Oh, My Goddess! Canon and Characterization

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Title: Oh, My Goddess! Canon and Characterization
Creator: Diana
Date(s): 2000
Fandom: Buffy the Vampire Slayer
External Links: Oh, My Goddess! Canon and Characterization
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Oh, My Goddess! Canon and Characterization is a 2000 essay by Diana.


I cannot recall any instance where Willow has said, "Oh my Goddess!" as an exclamation to a situation. That is not to say she has never said it. If I scoured the show transcripts, I might find it in one or two episodes (and someone is free to point me to those, if they like). Possibly. In fact, the few references I've remembered Willow making to a belief system of any sort always pointed to her Jewish background.

Although, one could argue that she was referring to herself as Jewish in the cultural sense. This is easily supported by what we know about her parents seeming lack of involvement in her life, and also by the very analytical thoroughness of her upbringing (see "Gingerbread"). Conversely, it could also be argued (per "The Body") that Willow's family did indeed embrace a part of their religious heritage through the practice of lighting a menorah during Chanukah.

Yes, Willow is a practicing witch, spells and all. And she has obviously been exposed to alternative deities, demons and systems of belief. But at no time, do I recall hearing her espouse any of these beliefs as her own.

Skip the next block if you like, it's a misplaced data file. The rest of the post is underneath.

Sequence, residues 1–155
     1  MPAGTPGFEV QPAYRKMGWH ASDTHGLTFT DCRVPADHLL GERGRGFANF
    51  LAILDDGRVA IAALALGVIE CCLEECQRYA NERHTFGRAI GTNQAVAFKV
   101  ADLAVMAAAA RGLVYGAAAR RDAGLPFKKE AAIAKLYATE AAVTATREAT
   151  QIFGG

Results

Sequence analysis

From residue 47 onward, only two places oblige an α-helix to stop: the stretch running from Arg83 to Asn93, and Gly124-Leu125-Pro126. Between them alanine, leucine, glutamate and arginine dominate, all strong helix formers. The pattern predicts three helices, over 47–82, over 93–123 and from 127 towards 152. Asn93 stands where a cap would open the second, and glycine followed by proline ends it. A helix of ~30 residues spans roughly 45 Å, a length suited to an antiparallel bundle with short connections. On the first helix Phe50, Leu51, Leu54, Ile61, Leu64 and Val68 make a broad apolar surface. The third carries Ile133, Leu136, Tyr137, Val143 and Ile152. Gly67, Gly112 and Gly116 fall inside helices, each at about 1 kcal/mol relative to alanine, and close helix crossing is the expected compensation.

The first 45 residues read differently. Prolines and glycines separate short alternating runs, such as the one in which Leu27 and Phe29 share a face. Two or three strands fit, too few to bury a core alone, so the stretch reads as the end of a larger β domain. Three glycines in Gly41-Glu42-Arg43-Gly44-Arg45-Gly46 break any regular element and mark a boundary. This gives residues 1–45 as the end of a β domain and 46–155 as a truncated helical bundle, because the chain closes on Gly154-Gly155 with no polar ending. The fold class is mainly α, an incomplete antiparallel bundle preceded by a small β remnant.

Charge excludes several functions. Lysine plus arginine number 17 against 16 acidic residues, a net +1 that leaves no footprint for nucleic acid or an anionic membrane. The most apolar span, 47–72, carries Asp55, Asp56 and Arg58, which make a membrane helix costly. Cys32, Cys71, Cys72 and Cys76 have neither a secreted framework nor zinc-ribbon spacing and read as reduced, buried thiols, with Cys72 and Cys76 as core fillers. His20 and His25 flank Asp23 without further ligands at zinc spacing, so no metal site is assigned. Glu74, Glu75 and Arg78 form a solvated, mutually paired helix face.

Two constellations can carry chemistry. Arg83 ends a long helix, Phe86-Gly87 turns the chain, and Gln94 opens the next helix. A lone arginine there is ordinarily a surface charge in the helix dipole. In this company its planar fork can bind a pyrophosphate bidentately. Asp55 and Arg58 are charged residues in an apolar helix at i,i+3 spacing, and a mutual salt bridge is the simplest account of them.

I just can't recall ever hearing her say that.

Which is why it seems so out of place to read her saying it in story after story. It almost reads like a beacon of inexperience, or of someone who wants to create their own Willow character.

Why would they want to do that, I wonder, when the one they've been given is so complete and wonderful in her own way?

There have, so far, been five seasons of character development on this show. Five. That's a truckload more than a two-hour movie. And several more than many other popular shows about which slash/fan fiction is written. Joss Whedon has, in my opinion, made character development an art form, allowing his creations to grow and flourish, age, display all of their wonderfulness and flaws, get hurt and hurt others, even those they love.

With all this material to work with, I am left to wonder what show some writers are watching.

This is not to say that I am not adverse to the use of fanon, unless that fanon is wildly off base. I understand why some writers would want to fill in those unnamed details (such as the identity of Spike's sire, pre-season five), which would only make their stories richer. I can also understand why some of those details become as real to readers and writers as the ones we are given on the show. Where I draw the line is when speculation about a character becomes so overused that it is now regular practice to remind new writers that such a detail has never been proven on the show (or, in the case of Spike's sire, has been disproved by the show).

This is why I try to avoid using fanon at all in my stories. If I wanted to create a story in which someone is acting against the nature of what I've been watching for five years, I would have good reason as supported by the events of the story. If it's an important part of the events taking place in my story, then I will break my character out of, ahem, character. But if my desire is to create a story in which something happens to the characters as we know them, then I know I have a rich and varied history of characterization from which to draw. Nothing need be made up on it's own. I guess what it boils down to is, those are the stories that impress me.